The playground had been established in 1943 and it was generally agreed that the neighbourhood had benefitted from the beginning. In the moral confusion of the German occupation the difference between sabotage and delinquency was not obvious, and many of the children had become unruly and anti-social. But when they had their own playground, where they could find their own balance and stretch themselves to the full, the surrounding social climate took a turn for the better, Indeed, it was claimed that delinquency had disappeared.

‘This was a confirmation of my own belief that delinquency is generally a form of rebellion against thoughtless, unimaginative treatment. All children need manifold opportunity to express their inventive energies, and the Emdrup Playground demonstrated how to give these opportunities. Without them armies of delinquents are likely to go on marching into juvenile courts.
It was some years later that I embarked upon a major campaign for similar playgrounds in my own country. But after I came home I made a number of speeches about this idea, and wrote up my impressions of Emdrup. Tom Hopkinson, the brilliant editor of Picture post accepted and article. He was always on the lookout for new ideas, and this was the first time that playgrounds of this kind- later known as Adventure Playgrounds- appeared in the British press. His cameraman produced a beautiful set of illustrations- a splendid reminder of all I had seen at Emdrup. ‘
(Memoirs of an Uneducated Lady.)

This was not so much the discovery of something ‘quite new’ as the re-discovery of something very very old. Children’s play.

She goes on to describe the remainder of her tour which resulted in her establishing an international organisation with a focus on early childhood education, how this formed into OMEP which was supported by UNESCO and informed the work of UNICEF for whom she worked for a year as information liaison officer. She had to give up being chair of 9 other major and influential committees to find the time to fulfil this post. She used her role, among other things, to raise a budget for an enquiry into the plight of disabled children across Europe as well as those who had been orphaned or made homeless by the ravages of the recently ended war.

Back home, She describes having tea with Queen Mary (who she had last seen when she was very cross with Marjory because of an unfortunate incident resulting in some unflattering pictures of her taken during a tree planting ceremony.)

She sold her beloved house, managed to find another property which she oversaw the conversion of and created a garden for. She disposed of CAs library to a university in America. Wrote two gardening books illustrated by Susan Jellicoe, and then she took up a new campaign.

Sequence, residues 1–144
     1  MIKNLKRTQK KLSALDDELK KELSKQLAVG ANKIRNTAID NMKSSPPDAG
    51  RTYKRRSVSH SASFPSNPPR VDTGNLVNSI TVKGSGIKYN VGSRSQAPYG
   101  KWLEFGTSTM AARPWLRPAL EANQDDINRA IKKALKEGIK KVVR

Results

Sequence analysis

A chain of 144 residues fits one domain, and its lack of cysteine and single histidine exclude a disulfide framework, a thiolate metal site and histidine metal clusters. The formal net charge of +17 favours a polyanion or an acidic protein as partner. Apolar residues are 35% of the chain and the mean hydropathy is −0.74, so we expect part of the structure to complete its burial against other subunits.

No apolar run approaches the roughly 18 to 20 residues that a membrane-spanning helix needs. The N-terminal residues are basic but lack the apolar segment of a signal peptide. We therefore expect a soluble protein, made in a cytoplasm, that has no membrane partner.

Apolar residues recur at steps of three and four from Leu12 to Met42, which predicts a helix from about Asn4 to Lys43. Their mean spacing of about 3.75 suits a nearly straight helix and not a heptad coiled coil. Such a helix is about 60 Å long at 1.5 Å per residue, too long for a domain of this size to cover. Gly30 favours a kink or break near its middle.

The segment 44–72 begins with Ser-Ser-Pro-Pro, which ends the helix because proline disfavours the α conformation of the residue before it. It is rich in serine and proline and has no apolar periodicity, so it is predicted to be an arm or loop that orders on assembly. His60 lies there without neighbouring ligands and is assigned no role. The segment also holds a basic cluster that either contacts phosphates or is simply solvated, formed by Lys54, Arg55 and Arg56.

The campaign for Adventure Playgrounds.

Lady Allen saw the possibilities of Adventure Playgrounds as component in a post war urban renewal and a demonstration of ‘democratic community’ for children working beyond the divisions promoted in fascism, of class nation and race. ‘Allen presented Emdrup as a ‘revolutionary’ playground that could resolve the crisis’. ( Kozlovsky 176)

Following the Picture Post article, written in 1946 when she returned from her first trip to Emdrup, there was a wave of interest in these new spaces. She wrote for a pamphlet for the Under14s Council, (established by a committee of Staff from Oxford House, Bethnal Green,) and a playground was started in Camberwell under the auspices of Cambridge House. It lasted for 3 years before the land was bought and developed. (‘Playgrounds such as ours set in a district which has suffered much during the war can lead a child away from the tolerance and approval of that destruction which is associated with the war.’ Quoted in Kozlovsky. George Burden Chair of Camberwell Adventure Playground 1948)

Her guidance of the growth of the APG movement depended on the participation of local people who would identify sites for development and then see the process through and continue to support the sites through local management bodies. This view of urban redevelopment flew in the face of the modernist remodelling plans of Abercrombie (1943 County of London Plan) which saw the blitz as an ‘opportunity to rebuild London according to rationalist, functionalist principals’. (kozlovsky 178) Abercrombie wanted to create green fingers from the Thames to the countryside. Allen wanted to use the tiny pockets of wasteland to create an urban countryside on the doorsteps of the children. (See the work of Aldo Van Eyck in Amsterdam for an almost direct parallel. Local people choosing sites they know to be workable for play and supporting them, using these left over spaces for a real local function, rather than a massively remodelled Amsterdam with imposed, defined spaces.)